17 Copyright © 2011 Pearson Education, Inc. Publishing as Pearson Addison-Wesley 23-17

18 Copyright © 2011 Pearson Education, Inc. Publishing as Pearson Addison-Wesley Universal Information Processor Computer is sufficient for any task if we can buy or write the software needed General purpose, not specialized People play a big role in customizing computers for specific task—one reason IT fluency is important

19 Copyright © 2011 Pearson Education, Inc. Publishing as Pearson Addison-Wesley Practical Consequences of the Universality Principle Computers perform same computations, but at different rates Obvious difficulties: –Why doesn't Macintosh software run on PC? –How do old machines become outmoded if they're all the same? –Is the computer in my laptop the same as the one in my microwave?

20 Copyright © 2011 Pearson Education, Inc. Publishing as Pearson Addison-Wesley Macintosh vs. PC Processors have different combinations of instructions –Encoded differently, operate differently, and contain separate instructions –It is possible to write a program for each machine to process instructions of the other machine –The real difference is that the operating systems work differently

21 Copyright © 2011 Pearson Education, Inc. Publishing as Pearson Addison-Wesley Outmoded Computers Speed is the main difference New software runs slowly on old machines Hardware and software products may be incompatible with older machines –Business decision, not technology impediment

22 Copyright © 2011 Pearson Education, Inc. Publishing as Pearson Addison-Wesley The Laptop and the Microwave Computers are embedded in consumer products because it is cheaper than implementing same system with custom electronics Embedded computers could run other computer applications, but –Their programs are fixed –They have limited input/output devices

23 Copyright © 2011 Pearson Education, Inc. Publishing as Pearson Addison-Wesley More Work, Slower Speed Why do some tasks take longer to compute? Comparing Alphabetize CDs with Face Forward –Recall Alphabetize CDs from Chapter 10 –Consider task of making sure all CDs face forward The amount of work is proportional to the amount of data Work-proportional-to-n algorithm

24 Copyright © 2011 Pearson Education, Inc. Publishing as Pearson Addison-Wesley Work Proportional to n 2 When we observe that one computation is taking more time than another despite requiring the same amount of data, it is generally because the algorithm does more work to solve the problem Work-proportional-to-n algorithm: –Doing the task on 1000 items takes 1000 times as long as on 1 item Work-proportional-to-n 2 algorithm: –Doing the task on 1000 items takes 1 million times as long as on 1 item (1000^2 is 1 million)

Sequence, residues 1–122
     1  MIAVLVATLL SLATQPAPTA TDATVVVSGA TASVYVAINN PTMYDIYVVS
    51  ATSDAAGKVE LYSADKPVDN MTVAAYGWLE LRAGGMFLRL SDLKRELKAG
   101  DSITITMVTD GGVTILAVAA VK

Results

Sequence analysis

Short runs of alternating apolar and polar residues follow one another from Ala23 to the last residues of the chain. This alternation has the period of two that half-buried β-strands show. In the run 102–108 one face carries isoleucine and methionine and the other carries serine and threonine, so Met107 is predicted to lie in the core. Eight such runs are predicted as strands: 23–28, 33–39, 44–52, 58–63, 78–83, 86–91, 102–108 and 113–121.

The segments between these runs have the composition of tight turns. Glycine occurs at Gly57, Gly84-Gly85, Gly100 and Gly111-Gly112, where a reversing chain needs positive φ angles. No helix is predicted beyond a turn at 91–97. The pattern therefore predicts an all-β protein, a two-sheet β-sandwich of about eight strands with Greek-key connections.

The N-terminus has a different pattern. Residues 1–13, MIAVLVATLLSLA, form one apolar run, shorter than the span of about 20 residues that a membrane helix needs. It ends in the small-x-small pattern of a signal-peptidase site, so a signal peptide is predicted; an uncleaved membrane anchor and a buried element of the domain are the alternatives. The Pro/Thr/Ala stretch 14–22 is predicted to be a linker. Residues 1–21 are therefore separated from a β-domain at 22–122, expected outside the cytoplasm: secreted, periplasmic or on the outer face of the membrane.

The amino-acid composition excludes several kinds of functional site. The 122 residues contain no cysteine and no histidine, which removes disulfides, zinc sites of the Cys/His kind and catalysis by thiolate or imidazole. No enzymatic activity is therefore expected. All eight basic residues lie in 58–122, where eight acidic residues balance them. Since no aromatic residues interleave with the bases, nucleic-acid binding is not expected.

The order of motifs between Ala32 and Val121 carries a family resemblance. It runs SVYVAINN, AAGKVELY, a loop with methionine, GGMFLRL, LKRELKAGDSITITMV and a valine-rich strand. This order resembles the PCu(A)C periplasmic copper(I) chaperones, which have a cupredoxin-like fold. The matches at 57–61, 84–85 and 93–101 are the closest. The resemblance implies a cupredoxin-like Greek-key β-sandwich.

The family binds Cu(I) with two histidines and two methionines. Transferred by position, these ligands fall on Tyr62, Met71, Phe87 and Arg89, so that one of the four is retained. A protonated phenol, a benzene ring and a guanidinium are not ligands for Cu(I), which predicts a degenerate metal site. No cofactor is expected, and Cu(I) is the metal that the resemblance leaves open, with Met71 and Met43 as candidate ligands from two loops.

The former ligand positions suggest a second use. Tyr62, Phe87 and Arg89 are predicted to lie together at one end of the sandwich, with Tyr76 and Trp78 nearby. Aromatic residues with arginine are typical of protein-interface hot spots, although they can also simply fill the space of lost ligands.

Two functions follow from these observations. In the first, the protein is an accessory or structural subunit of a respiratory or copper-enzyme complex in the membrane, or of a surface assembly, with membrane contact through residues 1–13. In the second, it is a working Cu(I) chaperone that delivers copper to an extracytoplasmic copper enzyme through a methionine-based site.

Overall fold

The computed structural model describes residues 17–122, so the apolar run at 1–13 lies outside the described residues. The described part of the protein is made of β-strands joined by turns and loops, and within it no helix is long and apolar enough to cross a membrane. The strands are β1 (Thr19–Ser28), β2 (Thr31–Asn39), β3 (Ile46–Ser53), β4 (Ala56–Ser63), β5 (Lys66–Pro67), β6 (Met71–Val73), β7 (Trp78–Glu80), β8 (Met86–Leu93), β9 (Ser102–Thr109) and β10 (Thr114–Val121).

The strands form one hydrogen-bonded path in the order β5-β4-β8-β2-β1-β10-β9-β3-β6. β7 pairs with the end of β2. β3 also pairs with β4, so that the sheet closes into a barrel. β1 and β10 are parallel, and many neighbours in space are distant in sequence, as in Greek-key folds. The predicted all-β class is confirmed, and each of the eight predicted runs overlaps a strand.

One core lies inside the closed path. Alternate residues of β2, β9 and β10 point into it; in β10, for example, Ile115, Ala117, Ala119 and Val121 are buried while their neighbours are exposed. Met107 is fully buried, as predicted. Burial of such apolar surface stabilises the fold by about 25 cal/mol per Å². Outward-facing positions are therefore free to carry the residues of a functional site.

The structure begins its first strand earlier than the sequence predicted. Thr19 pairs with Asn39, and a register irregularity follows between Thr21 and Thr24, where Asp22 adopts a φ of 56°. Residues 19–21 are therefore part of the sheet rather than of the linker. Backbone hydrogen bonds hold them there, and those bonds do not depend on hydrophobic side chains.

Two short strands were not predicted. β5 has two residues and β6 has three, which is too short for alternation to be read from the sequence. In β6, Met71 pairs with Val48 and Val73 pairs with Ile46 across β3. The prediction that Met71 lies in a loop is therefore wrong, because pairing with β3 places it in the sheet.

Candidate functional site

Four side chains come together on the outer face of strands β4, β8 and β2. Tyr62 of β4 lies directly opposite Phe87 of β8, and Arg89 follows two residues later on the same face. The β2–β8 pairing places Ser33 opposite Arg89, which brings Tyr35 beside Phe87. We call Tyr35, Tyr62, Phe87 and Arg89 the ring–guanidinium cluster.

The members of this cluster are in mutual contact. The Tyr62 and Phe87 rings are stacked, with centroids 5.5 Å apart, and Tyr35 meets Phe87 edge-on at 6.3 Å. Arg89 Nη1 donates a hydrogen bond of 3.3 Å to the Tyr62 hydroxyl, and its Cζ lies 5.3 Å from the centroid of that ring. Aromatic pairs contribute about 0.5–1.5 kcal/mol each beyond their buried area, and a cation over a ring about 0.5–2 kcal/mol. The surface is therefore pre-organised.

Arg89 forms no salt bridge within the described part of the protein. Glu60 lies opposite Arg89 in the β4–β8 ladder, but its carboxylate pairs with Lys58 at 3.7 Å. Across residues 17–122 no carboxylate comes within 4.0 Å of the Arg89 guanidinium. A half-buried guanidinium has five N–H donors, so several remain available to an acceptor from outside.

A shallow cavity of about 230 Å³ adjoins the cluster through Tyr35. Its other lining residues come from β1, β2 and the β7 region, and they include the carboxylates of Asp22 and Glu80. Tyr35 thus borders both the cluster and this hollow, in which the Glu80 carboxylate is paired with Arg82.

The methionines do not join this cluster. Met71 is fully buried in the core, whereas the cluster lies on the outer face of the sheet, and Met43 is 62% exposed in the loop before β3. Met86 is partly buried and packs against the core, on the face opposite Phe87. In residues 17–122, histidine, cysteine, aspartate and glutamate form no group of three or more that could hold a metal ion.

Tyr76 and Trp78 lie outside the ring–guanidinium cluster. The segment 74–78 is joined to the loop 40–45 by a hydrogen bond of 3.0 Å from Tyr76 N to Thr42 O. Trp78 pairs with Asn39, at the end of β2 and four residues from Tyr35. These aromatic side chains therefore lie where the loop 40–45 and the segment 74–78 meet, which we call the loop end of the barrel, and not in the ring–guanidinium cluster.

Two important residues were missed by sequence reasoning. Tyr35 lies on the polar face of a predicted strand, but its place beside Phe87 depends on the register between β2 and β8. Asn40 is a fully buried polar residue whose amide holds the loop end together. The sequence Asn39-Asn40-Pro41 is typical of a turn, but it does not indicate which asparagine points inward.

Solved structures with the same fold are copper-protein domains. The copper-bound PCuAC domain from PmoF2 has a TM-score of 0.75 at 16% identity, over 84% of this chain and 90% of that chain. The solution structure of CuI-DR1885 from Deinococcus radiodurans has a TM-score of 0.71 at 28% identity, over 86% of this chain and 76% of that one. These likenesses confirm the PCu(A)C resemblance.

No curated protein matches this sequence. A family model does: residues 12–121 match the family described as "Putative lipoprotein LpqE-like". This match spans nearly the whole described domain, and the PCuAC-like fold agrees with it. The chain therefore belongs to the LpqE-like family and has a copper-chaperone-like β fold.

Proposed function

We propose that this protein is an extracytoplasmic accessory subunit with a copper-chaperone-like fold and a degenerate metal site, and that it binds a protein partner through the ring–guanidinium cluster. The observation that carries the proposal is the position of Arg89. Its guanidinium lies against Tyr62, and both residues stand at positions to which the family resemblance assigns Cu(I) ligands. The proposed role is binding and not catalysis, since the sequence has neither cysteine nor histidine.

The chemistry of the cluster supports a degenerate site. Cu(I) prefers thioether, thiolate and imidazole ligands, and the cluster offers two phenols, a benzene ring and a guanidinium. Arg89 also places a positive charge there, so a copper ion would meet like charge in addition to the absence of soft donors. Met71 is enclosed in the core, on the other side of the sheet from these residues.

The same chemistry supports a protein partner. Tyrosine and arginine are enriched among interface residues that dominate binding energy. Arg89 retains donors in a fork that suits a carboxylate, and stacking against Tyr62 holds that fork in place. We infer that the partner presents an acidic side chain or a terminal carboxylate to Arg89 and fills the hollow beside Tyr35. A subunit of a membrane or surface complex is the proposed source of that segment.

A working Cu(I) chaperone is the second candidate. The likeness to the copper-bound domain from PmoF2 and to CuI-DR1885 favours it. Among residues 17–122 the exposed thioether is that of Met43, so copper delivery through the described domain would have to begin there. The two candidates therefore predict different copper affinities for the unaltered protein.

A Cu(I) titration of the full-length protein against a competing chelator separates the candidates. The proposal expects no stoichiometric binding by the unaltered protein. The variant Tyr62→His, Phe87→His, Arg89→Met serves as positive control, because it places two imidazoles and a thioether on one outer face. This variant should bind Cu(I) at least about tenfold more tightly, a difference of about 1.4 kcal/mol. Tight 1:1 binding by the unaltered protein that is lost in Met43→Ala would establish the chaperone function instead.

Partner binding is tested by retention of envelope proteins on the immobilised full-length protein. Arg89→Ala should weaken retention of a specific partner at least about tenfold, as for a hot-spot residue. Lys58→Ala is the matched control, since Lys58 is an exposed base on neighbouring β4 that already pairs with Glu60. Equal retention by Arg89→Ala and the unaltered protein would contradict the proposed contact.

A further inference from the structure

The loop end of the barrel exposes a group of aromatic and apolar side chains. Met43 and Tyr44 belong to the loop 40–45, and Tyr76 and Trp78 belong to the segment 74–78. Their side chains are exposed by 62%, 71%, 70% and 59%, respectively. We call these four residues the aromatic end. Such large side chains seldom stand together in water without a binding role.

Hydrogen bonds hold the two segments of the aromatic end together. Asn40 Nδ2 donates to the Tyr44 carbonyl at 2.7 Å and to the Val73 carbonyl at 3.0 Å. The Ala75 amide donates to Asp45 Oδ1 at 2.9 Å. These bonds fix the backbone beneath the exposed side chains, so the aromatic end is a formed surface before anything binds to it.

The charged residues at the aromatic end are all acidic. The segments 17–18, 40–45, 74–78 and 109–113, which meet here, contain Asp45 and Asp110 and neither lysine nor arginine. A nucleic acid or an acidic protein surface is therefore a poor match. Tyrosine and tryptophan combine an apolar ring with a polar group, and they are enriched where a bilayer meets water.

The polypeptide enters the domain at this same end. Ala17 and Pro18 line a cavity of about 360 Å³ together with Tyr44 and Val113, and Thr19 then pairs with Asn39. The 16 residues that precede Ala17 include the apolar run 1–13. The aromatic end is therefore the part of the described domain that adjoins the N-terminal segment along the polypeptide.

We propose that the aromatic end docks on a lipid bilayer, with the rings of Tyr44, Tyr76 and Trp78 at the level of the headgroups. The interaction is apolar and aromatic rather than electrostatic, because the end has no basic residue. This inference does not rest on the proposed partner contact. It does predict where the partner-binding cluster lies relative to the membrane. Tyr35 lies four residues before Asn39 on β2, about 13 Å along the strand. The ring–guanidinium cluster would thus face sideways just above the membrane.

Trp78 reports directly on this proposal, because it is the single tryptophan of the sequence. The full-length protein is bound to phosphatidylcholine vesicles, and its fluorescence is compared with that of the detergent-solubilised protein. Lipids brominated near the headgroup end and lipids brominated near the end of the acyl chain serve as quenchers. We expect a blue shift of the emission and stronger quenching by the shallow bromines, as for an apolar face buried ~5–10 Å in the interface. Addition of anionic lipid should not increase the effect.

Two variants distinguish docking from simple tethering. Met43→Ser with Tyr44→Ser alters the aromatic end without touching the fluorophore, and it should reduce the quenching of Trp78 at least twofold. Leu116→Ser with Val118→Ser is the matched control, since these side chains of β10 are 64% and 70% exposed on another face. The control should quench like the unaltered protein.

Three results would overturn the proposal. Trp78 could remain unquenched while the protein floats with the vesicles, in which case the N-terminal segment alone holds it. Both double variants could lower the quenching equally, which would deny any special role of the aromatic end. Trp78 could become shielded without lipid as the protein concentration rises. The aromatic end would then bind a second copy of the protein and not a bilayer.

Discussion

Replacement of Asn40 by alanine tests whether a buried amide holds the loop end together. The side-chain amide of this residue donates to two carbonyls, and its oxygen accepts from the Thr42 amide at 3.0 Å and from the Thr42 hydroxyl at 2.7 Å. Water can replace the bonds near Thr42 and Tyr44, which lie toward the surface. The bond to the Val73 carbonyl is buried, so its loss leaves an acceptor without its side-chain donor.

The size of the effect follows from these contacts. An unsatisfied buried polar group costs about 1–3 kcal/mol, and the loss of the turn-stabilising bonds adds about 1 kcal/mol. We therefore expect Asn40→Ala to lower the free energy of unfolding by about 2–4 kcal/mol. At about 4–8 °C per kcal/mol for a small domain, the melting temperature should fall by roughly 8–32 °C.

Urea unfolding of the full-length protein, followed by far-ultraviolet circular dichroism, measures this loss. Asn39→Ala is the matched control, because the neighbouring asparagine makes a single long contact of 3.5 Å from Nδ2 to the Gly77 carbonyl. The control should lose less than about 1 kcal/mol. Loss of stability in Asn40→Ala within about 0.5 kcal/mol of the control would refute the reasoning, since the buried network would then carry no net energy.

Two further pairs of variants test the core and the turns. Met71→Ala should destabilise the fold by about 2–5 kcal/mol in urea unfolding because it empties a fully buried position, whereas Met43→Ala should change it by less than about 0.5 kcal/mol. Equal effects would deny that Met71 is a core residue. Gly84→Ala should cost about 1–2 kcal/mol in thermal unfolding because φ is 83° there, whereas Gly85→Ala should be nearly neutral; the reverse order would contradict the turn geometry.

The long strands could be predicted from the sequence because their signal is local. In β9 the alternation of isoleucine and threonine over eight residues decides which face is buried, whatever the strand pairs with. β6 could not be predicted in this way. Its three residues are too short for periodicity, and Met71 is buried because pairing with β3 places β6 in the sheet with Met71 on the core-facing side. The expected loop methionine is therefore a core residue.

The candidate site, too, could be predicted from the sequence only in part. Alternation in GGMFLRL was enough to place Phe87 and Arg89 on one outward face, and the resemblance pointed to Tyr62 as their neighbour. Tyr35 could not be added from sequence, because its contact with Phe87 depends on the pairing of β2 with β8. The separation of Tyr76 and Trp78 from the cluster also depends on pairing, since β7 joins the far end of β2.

25 Copyright © 2011 Pearson Education, Inc. Publishing as Pearson Addison-Wesley How Hard Can a Problem Be? NP-Complete Problems –No known practical algorithmic solutions –Intractable: Only solution is to try all possible solutions and pick the best (like finding the cheapest set of airline tickets for touring n cities) Large data sets cannot be solved with a realistic amount of computer time

26 Copyright © 2011 Pearson Education, Inc. Publishing as Pearson Addison-Wesley How Hard Can a Problem Be? (cont'd) Unsolvable Problems –Some problems have no algorithms at all –Computer cannot determine if a program has a bug (like an infinite loop) in it The Nonexistent Loop Checker (LC) –Assuming it exists leads to a contradiction LC is trying to solve the Halting Problem

27 Copyright © 2011 Pearson Education, Inc. Publishing as Pearson Addison-Wesley How Hard Can a Problem Be? (cont'd)

28 Copyright © 2011 Pearson Education, Inc. Publishing as Pearson Addison-Wesley Summary People tend to decide an intellectual activity is not thinking if it as algorithmic. Thinking is probably best defined as “what humans do”, and therefore something computers cannot do. The Turing test is an experimental framework in which we can compare the reasoning capabilities of computers with those of humans To play chess, computers use a game tree, a function to assess board positions, and a database of openings and endgames. Deep Blue from IBM became world chess champ in 1997 (but this did not close the book on the questions of computer intelligence). Creativity occurs on a spectrum: from algorithmic variation (imitating art styles) through incremental revision, to a flash of inspiration. Algorithms have advanced along the spectrum.

29 Copyright © 2011 Pearson Education, Inc. Publishing as Pearson Addison-Wesley Summary We presume there will be further advancement, but we do not know the end of the algorithmic frontier. We cannot yet tell if creativity is entirely algorithmic. The universality principle says that computers are equivalent in what they can compute. This has theoretical and practical consequences to us. Software companies can write a single application program and translate it into the machine language of any computer, making it available to any users regardless of the platform they own. This means computer vendors compete largely on speed.

30 Copyright © 2011 Pearson Education, Inc. Publishing as Pearson Addison-Wesley Summary When we are working on n data items, algorithms that are proportional-to-n require much less work (and run much faster) than algorithms that are proportional-to-n^2 Some important problems (called NP-complete problems) require much more computational work than in practical. We call them intractable, meaning they can be solved theoretically but not practically. Many problems we really want to solve are turn out to be NP-complete. Some problems (like the halting problem) cannot be solved by computer at all, no matter how hard we work.


Download ppt "Copyright © 2011 Pearson Education, Inc. Publishing as Pearson Addison-Wesley Limits to Computation Computers Can Do Almost {Everything, Nothing} lawrence."

Similar presentations


Ads by Google